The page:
Even students in the right program can question their decision — particularly as coursework and research pile up. The sheer amount of time and work it takes to get a doctorate is easy to underestimate, says Michael Sayette, PhD, a psychology professor at the University of Pittsburgh, and co-author of the "Insider's Guide to Graduate Programs in Clinical and Counseling Psychology" (2010). "It's not worth the investment unless you consider spending a weekend reading articles related to psychology an acceptable use of your time," says Sayette.
Students with second jobs or families may find it especially difficult to muster the time and energy to meet the demands of a doctoral program. For Martha Lawless, a PhD candidate at the University of Connecticut and mother of two, the program meant giving up sleep. After 10 years as an employee at the Yale University department of psychology, she understood the work required of graduate students. What she didn't anticipate was how hard it would be to fit schoolwork into her already busy life.
"I'm in class all day, then come home and do family stuff, then do homework until two in the morning," she says. After three years, she has not yet taken her general exams, and worries that she won't finish. "If I'd known what it was going to be like, I wouldn't have started the degree."
Giving herself permission to not always give school her all was essential, she says. "It's OK if sometimes you're less than perfect," she says.
Those who can handle the time commitment may find that they've underestimated the work itself. As a career math teacher, Ruth Sullo had to "retrain" herself to think like a psychologist. "My thinking patterns are so ingrained at this point, it's hard to shift gears," she says. Papers have proven to be particularly difficult, she says, and she dreads writing her dissertation. "Math people write short papers; you don't embellish. Now I put in all this time, and find myself going on tangents," Sullo says. "Hours go by, and I have nothing to show for it."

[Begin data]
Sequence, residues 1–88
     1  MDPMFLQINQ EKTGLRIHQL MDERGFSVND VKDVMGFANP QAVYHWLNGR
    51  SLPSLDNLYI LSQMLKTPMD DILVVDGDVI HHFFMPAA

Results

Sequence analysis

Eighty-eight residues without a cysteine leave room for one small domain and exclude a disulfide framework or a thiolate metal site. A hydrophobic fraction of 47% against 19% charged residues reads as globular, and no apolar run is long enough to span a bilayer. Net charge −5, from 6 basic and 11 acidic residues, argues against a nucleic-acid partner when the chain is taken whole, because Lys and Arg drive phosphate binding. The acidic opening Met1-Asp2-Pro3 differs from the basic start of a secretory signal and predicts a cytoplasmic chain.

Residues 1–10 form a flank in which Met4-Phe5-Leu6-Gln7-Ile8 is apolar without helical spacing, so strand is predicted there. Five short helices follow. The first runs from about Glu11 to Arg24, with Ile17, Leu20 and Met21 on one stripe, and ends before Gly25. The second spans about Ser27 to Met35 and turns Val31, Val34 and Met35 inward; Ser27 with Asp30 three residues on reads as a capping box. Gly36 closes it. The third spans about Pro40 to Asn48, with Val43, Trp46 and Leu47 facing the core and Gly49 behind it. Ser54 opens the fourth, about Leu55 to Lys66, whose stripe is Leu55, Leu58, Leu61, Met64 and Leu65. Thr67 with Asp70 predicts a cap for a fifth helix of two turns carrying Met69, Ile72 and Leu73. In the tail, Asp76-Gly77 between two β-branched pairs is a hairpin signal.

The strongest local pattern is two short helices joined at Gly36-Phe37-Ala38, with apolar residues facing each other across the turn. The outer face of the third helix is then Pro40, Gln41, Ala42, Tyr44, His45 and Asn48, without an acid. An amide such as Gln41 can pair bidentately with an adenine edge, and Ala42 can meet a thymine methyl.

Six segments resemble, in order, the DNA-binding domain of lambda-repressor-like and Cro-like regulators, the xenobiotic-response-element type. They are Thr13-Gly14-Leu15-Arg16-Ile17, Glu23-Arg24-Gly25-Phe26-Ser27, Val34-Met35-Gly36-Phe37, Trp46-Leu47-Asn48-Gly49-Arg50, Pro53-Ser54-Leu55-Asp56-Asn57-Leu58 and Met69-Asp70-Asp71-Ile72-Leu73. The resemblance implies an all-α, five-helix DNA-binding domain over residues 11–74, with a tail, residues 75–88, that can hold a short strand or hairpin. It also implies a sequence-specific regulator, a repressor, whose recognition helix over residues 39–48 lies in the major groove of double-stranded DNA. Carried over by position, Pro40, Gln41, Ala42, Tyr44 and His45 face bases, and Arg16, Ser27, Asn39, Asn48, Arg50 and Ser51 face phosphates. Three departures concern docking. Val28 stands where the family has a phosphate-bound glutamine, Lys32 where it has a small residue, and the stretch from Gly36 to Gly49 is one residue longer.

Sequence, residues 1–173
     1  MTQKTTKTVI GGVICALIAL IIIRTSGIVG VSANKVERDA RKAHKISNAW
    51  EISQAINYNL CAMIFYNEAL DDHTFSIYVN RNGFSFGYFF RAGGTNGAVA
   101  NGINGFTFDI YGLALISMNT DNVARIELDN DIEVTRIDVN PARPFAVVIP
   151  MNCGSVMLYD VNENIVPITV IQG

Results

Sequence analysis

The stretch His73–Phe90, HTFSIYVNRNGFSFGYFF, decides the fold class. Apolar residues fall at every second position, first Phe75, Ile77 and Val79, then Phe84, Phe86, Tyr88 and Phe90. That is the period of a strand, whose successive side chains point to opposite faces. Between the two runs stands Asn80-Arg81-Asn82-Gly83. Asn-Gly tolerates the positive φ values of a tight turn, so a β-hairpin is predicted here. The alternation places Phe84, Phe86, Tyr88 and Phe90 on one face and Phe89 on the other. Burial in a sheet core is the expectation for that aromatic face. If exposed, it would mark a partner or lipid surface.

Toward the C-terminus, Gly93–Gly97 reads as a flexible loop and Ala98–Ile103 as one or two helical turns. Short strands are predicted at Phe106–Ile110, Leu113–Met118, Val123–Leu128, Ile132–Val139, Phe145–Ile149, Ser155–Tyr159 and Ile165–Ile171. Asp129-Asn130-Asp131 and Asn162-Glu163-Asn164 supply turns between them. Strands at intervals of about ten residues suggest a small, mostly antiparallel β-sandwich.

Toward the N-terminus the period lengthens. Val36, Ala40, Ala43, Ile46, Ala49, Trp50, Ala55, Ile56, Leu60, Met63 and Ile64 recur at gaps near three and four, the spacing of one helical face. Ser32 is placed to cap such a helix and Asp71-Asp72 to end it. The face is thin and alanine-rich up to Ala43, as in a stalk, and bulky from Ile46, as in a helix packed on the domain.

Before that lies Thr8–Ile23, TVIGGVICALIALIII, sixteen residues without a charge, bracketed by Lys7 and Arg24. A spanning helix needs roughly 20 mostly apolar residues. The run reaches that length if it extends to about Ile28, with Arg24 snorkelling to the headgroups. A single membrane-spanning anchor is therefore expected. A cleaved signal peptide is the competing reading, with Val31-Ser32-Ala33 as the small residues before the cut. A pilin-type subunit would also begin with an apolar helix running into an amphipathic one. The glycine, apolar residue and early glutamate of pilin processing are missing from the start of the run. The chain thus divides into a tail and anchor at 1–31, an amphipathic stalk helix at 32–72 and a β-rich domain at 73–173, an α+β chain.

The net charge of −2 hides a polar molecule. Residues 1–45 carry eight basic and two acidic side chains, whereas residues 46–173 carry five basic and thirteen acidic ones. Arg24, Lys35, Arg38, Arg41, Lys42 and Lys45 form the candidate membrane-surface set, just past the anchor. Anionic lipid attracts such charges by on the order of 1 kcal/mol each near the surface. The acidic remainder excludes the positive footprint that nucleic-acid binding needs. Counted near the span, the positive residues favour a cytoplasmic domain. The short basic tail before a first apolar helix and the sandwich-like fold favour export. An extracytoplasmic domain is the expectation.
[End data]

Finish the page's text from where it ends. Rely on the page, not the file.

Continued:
Sullo has since hired a tutor and formed a study group. It's helped, she says, though she's still considering dropping out.
Independence or Isolation?
Of course, it doesn't matter how much you enjoy the work if you can't pay the bills. A case in point: 80 percent of PhDs in the social sciences said financial support was essential to completion, according to CGS. For Jennifer Ortiz, a PhD candidate in educational psychology at the University of Connecticut in Storrs, money was the deciding factor in her decision to advance beyond the master's. Although she had thought about a PhD in behavioral interventions, she says, it wasn't until her adviser guaranteed her funding that Ortiz decided to continue. "I had the right support at the right time," she says.
Almost as important as financial aid is academic support. In fact, 70 percent of social science PhDs say faculty support is crucial to their success, according to the CGS survey. That was certainly the case for Andrada, who had the unfortunate experience of having two dissertation advisers retire while he was working on his PhD. "I seemed to be getting a message from the universe that the doctorate wasn't for me," he says, and he dropped out briefly as a result. Luckily, Andrada's adviser came out of retirement a year later and encouraged him to finish.
Advisers need not retire to seemingly disappear. Lawless, for instance, found her adviser too intimidating and cold at first. Though she prided herself on her independence, Lawless quickly realized that she needed more one-on-one support. "I would have these super-freakouts where I thought, 'I just can't do this,' and realized I needed to approach him, even though it felt hard to do." After a grant she won was delayed, causing further issues with her research, Lawless finally got up the nerve to speak with him about her fears and struggles. As a result, she says, he worked with her to secure the necessary funding and her dissertation is back on track.
Quitters Aren't Always Failures
It's not unusual to feel stressed, overwhelmed or even unhappy in a PhD program — most students will admit that they've wanted to give up at some point. However, you know you're on the right path if these feelings pass relatively quickly, says DiBartolo. "The PhD is long and there are disappointments and roadblocks," she says. "If you are sufficiently excited by your project, you can dust yourself off and keep going."
But if discontent lingers, pay attention — your feelings may indicate a need for reflection or even a break to try something new, says DiBartolo. "You can't plan how your life will go ahead of time. Sometimes a new experience can show you what you really want to do."
If you do realize grad school isn't the right place for you, don't take it as a failure. Sullo, for instance, is still undecided about finishing, and has begun work on a book about math anxiety. Having that project in her back pocket, she says, "is a reminder that there are other ways that I can still make a difference in people's lives. It's important to keep that in mind."
Emily Wojcik is a writer in Leeds, Mass.